In the largest brain scan analysis of its kind, researchers from the University of Michigan (U-M) have identified the specific brain regions and processes linked to the repetitive behaviors found in people with obsessive compulsive disorder (OCD).
The findings, published in the journal Biological Psychiatry, suggest that the brains of those with OCD get stuck in a loop of “wrongness,” even when patients know that what they’re doing doesn’t make sense.
“These results show that, in OCD, the brain responds too much to errors, and too little to stop signals, abnormalities that researchers had suspected to play a crucial role in OCD, but that had not been conclusively shown due to small numbers of participants in the individual studies,” says Dr. Luke Norman, lead author of the new study and a postdoctoral research fellow in the U-M Department of Psychiatry.
“By combining data from ten studies, and nearly 500 patients and healthy volunteers, we could see how brain circuits long hypothesized to be crucial to OCD are indeed involved in the disorder,” he says. “This shows the power of doing this kind of research more collaboratively.”
Norman works with U-M psychiatry faculty members Dr. Kate Fitzgerald and Dr. Stephan Taylor. Fitzgerald co-directs the Pediatric Anxiety Program at Michigan Medicine, U-M’s academic medical center and leads a clinical trial that is currently seeking teens and adults with OCD to test the ability of targeted therapy sessions to treat OCD symptoms.
“This analysis sets the stage for therapy targets in OCD, because it shows that error processing and inhibitory control are both important processes that are altered in people with the condition,” says Fitzgerald.
“We know that patients often have insight into their behaviors and can detect that they’re doing something that doesn’t need to be done,” she adds. “But these results show that the error signal probably isn’t reaching the brain network that needs to be engaged in order for them to stop doing it.”
The researchers focused on the cingulo-opercular network — a collection of brain areas linked by highways of nerve connections deep in the center of the brain. This brain network typically acts as a monitor for errors or the potential need to stop an action, and gets the decision-making areas at the front of the brain involved when it senses something is “off.”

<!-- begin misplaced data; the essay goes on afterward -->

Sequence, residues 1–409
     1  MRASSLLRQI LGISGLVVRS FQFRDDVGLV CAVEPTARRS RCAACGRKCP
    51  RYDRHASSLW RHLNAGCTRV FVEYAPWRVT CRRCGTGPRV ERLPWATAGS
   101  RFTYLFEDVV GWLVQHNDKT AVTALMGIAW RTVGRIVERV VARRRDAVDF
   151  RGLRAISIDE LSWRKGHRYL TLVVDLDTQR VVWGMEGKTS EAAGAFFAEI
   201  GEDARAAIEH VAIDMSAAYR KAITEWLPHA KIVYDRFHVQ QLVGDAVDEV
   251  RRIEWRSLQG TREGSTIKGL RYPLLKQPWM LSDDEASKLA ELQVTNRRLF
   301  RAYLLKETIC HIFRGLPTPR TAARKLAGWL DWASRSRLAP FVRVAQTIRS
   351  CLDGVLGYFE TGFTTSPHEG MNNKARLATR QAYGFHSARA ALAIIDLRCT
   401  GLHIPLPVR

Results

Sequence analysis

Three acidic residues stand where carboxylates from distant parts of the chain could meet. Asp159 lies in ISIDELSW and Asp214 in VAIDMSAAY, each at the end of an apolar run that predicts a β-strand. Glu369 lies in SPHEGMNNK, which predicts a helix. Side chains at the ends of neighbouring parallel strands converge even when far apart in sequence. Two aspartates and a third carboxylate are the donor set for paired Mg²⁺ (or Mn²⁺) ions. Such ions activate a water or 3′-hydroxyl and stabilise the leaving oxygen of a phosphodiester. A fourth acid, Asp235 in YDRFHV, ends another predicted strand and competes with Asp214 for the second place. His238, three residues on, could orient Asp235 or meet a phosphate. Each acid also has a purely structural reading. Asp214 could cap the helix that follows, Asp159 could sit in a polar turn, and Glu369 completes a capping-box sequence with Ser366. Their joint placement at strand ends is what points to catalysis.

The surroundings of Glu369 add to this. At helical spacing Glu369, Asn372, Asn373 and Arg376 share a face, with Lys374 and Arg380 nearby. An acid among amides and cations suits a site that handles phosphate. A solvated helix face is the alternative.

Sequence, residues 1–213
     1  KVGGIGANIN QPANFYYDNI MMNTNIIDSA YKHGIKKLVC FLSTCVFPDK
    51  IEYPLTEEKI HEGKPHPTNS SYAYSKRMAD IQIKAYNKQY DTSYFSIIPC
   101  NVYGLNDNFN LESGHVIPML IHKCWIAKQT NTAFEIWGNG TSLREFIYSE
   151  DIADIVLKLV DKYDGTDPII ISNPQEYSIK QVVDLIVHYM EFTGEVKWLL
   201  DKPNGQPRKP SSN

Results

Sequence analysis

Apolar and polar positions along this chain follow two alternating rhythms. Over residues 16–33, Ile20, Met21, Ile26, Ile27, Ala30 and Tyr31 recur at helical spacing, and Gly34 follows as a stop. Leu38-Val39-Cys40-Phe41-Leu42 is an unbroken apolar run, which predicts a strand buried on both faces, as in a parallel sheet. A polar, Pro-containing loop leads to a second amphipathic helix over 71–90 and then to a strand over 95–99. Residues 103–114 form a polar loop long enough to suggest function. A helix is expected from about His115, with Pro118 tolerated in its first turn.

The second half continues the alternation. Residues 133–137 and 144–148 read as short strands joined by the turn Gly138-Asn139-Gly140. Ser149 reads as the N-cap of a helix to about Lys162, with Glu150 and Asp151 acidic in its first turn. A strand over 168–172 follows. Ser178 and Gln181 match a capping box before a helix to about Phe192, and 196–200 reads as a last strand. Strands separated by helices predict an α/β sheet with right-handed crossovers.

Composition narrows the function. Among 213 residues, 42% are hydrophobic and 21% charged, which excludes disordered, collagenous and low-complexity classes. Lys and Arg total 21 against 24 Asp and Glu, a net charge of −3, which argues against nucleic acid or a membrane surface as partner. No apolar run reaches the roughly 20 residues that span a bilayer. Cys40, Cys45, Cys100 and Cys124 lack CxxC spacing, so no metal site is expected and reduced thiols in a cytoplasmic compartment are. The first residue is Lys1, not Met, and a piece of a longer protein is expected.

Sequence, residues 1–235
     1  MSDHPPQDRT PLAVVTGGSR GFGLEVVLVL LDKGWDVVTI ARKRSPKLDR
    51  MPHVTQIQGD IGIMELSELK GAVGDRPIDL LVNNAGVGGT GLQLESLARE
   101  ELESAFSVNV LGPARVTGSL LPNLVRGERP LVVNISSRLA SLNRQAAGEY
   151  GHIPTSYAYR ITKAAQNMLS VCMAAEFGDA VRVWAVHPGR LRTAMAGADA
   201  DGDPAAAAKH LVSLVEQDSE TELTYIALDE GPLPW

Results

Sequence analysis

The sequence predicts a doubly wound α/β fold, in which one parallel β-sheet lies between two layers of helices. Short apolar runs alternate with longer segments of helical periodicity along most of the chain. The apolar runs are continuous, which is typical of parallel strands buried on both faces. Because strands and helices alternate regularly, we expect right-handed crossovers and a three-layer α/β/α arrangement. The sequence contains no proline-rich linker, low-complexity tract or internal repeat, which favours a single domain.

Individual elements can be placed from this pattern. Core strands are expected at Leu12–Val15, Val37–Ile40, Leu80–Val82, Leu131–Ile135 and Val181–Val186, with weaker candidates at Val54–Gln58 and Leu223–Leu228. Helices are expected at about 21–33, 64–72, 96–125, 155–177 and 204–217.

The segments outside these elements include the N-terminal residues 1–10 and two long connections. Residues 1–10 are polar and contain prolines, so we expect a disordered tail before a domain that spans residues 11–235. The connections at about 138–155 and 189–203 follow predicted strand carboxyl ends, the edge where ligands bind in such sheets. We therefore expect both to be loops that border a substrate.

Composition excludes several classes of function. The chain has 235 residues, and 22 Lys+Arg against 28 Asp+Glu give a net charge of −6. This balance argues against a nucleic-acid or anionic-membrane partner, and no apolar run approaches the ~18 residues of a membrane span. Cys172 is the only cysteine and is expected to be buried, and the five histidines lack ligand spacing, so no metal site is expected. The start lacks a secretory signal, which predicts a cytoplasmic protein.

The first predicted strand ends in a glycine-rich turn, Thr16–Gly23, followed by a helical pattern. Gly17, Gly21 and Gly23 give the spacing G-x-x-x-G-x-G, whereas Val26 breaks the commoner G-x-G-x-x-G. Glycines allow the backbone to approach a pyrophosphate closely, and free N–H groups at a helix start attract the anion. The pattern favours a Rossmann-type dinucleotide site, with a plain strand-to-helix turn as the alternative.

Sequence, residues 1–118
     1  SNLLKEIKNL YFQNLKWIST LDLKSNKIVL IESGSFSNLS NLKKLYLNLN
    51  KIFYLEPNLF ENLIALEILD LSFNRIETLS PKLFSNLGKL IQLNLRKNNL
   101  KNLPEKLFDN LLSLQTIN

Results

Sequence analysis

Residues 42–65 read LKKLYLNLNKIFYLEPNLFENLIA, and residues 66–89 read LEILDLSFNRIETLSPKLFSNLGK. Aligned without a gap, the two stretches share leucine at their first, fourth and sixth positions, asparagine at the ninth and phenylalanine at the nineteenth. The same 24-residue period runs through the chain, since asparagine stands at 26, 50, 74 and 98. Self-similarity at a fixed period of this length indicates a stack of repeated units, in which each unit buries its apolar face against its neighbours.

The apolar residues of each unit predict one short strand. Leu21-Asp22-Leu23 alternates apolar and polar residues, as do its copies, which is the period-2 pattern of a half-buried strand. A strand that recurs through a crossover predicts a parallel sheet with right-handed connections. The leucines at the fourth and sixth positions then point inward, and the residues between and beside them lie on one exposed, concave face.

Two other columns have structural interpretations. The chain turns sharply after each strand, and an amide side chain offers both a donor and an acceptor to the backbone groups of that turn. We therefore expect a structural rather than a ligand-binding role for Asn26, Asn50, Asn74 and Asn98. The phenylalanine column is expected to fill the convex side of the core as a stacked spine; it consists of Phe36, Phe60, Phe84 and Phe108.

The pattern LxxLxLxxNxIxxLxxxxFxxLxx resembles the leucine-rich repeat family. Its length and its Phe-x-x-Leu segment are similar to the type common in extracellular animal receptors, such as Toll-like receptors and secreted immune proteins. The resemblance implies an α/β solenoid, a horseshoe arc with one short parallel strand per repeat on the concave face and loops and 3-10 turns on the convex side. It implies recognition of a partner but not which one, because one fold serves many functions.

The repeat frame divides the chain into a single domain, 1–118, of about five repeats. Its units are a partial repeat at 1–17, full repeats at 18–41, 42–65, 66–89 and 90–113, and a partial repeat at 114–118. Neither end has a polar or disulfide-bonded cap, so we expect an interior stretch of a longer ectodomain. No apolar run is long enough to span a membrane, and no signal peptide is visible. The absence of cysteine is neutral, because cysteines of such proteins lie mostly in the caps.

The pooled brain scan data was collected when OCD patients and non-OCD individuals were asked to perform certain tasks while lying in a powerful functional MRI scanner. In all, the new analysis included scans and data from 484 children and adults, both medicated and not.
It’s the first time a large-scale analysis has included data about brain scans performed when participants with OCD had to respond to errors during a brain scan, and when they had to stop themselves from taking an action.
A consistent pattern emerged from the data: Compared with healthy participants, individuals with OCD had far more activity in the specific brain areas involved in recognizing that they were making an error, but less activity in the regions that could help them stop.
The team recognizes that these differences alone aren’t the full story, and they can’t tell from the available data if the differences in activity are the cause, or the result, of having OCD.
But they suggest that people with OCD may have an “inefficient” link between the brain system that connects their ability to recognize errors with the system that governs their ability to do something about those errors. This could push their over-reaction to errors to overwhelm their under-powered ability to tell themselves to stop.
“It’s like their foot is on the brake telling them to stop, but the brake isn’t attached to the part of the wheel that can actually stop them,” Fitzgerald says.
“In cognitive behavioral therapy sessions for OCD, we work to help patients identify, confront and resist their compulsions, to increase communication between the ‘brake’ and the wheels, until the wheels actually stop. But it only works in about half of patients. Through findings like these, we hope we can make CBT more effective or guide new treatments.”
While OCD was once classified as an anxiety disorder — and patients are often anxious about their behavior — it’s now seen as a separate mental illness.
The anxiety that many OCD patients experience is now believed to be a secondary effect of their condition, brought on by recognizing that their repetitive behaviors are not needed but being unable to control the drive to do them.
The research team hopes that people who currently have OCD, and parents of children with signs of the condition, will take heart from the new findings.
“This is not some deep dark problem of behavior — OCD is a medical problem, and not anyone’s fault. With brain imaging we can study it just like heart specialists study EKGs of their patients — and we can use that information to improve care and the lives of people with OCD,” says Fitzgerald.